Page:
The Ohio History Center in Columbus features exhibits that include artifacts, stories, and histories of Ohio’s Native American tribes, from prehistoric times to the present. The center’s commitment to telling the indigenous peoples’ stories offers visitors insights into the challenges and contributions of Native Americans in Ohio’s history.
Address: 800 E. 17th Ave., Columbus, OH 43211
More info: Ohio History

13. Fallen Timbers Battlefield and Fort Miamis National Historic Site

fallen timbers monument
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While primarily known for its historical significance in the Battle of Fallen Timbers, which led to the Treaty of Greenville and the ceding of much of Ohio to the United States, this site also includes Fort Miamis. The battlefield and fort are significant for understanding post-colonial Native American history and the resistance led by leaders such as Blue Jacket of the Shawnee and Tecumseh. The site hosts educational programs that delve into this period of Native American history.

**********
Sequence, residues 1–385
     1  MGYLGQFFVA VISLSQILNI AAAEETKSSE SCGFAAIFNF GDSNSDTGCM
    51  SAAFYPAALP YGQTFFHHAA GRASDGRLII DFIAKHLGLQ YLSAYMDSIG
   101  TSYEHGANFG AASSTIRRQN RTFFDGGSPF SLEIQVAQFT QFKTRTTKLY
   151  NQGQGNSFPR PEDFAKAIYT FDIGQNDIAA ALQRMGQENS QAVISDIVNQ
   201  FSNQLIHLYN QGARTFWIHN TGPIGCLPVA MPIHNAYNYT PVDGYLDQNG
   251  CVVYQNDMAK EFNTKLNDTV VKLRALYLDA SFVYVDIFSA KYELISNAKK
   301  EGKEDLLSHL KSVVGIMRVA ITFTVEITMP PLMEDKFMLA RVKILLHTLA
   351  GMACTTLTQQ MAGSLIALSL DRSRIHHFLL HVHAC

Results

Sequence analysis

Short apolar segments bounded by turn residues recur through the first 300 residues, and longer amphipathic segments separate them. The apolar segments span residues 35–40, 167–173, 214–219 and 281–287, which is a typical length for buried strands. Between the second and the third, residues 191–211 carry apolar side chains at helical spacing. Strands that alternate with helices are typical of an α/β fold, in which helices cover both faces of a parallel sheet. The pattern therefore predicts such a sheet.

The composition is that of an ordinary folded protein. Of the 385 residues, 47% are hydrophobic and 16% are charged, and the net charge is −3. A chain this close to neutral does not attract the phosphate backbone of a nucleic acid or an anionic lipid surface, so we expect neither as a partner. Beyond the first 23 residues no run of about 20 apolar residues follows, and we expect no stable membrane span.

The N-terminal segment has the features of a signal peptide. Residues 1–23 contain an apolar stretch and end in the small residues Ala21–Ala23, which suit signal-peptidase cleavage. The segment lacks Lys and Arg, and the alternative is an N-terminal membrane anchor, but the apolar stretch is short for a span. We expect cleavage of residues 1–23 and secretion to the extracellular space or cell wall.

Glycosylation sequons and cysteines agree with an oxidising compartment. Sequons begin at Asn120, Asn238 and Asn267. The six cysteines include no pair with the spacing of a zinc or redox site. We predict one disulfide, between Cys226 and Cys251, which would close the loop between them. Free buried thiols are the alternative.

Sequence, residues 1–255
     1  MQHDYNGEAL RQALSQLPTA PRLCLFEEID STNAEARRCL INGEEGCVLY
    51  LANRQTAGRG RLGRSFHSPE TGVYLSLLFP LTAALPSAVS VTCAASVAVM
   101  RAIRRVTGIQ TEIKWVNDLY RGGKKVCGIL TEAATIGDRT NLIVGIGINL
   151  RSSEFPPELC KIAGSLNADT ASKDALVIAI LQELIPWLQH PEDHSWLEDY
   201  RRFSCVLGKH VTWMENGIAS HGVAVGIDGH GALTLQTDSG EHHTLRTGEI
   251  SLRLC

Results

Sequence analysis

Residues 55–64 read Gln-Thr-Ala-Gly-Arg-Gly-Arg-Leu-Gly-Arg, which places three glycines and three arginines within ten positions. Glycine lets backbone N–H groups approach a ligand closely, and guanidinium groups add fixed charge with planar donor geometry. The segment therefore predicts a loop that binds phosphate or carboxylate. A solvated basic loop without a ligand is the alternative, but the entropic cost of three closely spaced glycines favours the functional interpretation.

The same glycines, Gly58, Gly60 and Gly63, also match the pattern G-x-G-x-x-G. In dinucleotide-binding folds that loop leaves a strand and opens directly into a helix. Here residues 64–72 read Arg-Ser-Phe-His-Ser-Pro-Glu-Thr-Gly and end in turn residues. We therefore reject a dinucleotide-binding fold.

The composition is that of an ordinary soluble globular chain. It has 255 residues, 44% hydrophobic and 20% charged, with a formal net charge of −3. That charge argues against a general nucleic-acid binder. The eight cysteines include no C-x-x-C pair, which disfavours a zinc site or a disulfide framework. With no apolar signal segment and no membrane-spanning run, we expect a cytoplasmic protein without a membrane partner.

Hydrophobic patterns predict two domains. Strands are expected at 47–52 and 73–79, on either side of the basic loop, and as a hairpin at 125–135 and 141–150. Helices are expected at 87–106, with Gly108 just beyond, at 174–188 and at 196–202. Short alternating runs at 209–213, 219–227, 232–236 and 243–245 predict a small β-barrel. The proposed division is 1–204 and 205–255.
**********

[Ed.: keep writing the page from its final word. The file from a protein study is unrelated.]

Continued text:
Address: 4949 N Jerome Rd, Maumee, OH 43537
More info: Fallen Timbers Battlefield and Fort Miamis National Historic Site

14. Tecumseh! Outdoor Drama

tecumseh outdoor drama
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Though not a site in the traditional sense, the Tecumseh! Outdoor Drama, performed annually in Chillicothe, brings the story of the legendary Shawnee leader to life. The drama portrays the struggle of Tecumseh to defend his homeland in the Ohio country during the late 18th century. This theatrical experience offers a modern interpretation of Native American history, blending historical facts with storytelling and performance.
Address: 5968 Marietta Road, Chillicothe, Ohio 45601
More info: Tecumseh

These sites and events reflect the enduring presence and evolving story of Native American peoples in Ohio. From ancient earthworks that reach back through millennia to contemporary cultural celebrations and educational initiatives, they offer a bridge between the past and present, inviting all to explore and appreciate the rich heritage of Native American communities in Ohio.